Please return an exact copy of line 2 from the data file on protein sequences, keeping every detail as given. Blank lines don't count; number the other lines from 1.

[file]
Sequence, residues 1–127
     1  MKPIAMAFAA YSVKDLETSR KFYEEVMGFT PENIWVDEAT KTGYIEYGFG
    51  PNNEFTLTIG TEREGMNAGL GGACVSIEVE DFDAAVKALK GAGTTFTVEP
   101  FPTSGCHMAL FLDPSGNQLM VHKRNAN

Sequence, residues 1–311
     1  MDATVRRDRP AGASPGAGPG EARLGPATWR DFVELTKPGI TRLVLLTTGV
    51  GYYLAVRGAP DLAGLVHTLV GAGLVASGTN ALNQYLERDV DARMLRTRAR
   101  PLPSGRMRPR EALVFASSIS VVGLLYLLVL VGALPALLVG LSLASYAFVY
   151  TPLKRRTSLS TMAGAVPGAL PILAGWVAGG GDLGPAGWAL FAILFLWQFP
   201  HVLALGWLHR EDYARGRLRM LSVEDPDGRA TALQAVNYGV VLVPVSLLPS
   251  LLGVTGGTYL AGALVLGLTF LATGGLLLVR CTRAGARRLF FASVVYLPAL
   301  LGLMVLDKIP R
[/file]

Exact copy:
     1  MKPIAMAFAA YSVKDLETSR KFYEEVMGFT PENIWVDEAT KTGYIEYGFG